Staff recommends direction to bring back a code change via ordinance to align the expiration dates of the RMC temporary retail marijuana licenses with that of the DoT. This amendment of Title 5, Chapter 5.21 of RMC, entitled "Council Action on License; Temporary Retail Marijuana Establishment License", will propose to revise Section 5.21.013(d) to extend the expiration date of the temporary retail marijuana license from April 1, 2018 to June 30, 2018 or upon the termination of the State’s temporary Retail Marijuana Licensing Program, whichever is earlier.


Financial Implications:  None at this time.


Legal Implications: The Controlled Substances Act (21 U.S.C. § 801 et seq.) (“CSA”) prohibits the manufacture, possession, sale, and/or distribution of marijuana, as well as conspiring to manufacture, possess, sell and/or distribute marijuana. (21 U.S.C. §§ 841, 846.)  In addition, 18 U.S.C. § 2 makes it unlawful for any person to aid, abet, counsel, command, or induce any person to violate the CSA.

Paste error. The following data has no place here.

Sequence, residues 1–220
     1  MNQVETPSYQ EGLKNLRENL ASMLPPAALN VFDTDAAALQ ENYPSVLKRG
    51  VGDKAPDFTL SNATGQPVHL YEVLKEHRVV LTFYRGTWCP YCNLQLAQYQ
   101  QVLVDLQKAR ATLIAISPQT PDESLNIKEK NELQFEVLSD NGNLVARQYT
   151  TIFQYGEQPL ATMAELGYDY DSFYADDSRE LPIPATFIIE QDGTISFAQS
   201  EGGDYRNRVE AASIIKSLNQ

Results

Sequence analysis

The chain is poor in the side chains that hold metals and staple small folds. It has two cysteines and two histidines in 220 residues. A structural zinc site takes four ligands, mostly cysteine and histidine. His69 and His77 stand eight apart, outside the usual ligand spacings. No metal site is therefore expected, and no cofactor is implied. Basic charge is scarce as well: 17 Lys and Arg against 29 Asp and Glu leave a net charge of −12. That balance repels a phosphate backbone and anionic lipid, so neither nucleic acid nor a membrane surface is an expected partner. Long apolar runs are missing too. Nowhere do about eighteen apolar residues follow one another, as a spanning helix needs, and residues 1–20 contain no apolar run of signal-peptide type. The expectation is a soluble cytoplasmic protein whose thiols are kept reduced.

Meeting History

Jan 10, 2018 10:00 AM Video Reno City Council Regular


Karl Hall, Reno City Attorney, provided an update on actions the City Attorney's Office is taking in response to Attorney General Jeff Session's recent decision regarding the 2013 Cole Memorandum.


Scott Gilles, Legislative Relations Program Manager, provided an overview of the staff report and responded to questions from the Council Members.


Jeff Borchardt, Community Development Associate Planner, discussed the need to differentiate land use regulations associated with medical and recreational marijuana and responded to questions from the Council Members. Questions included the proposed prohibition of outdoor marijuana cultivation, the prudence of locating distribution centers closer to residential areas, reopening the ordinance at a future date to make any necessary amendments, and the distribution of new facilities.

Direction to staff included the possibility of a distribution system that makes it possible for people to purchase marijuana without having to travel significant distances from home, capping the number of new facilities to ensure that the demand is there, determining where Washoe County plans to put their facilities before deciding where to put Reno's facilities, setting time limitations on the hours of operation, and City licensing requirements for those who deliver marijuana to clients.

Vice Mayor Jardon called for public comment.

City Clerk Turney stated that online public comment in opposition was received from Marijke Bekken, who did not wish to speak.

Will Adler, 412 North Division Street, provided information regarding the hours of operation of various Washoe County dispensaries.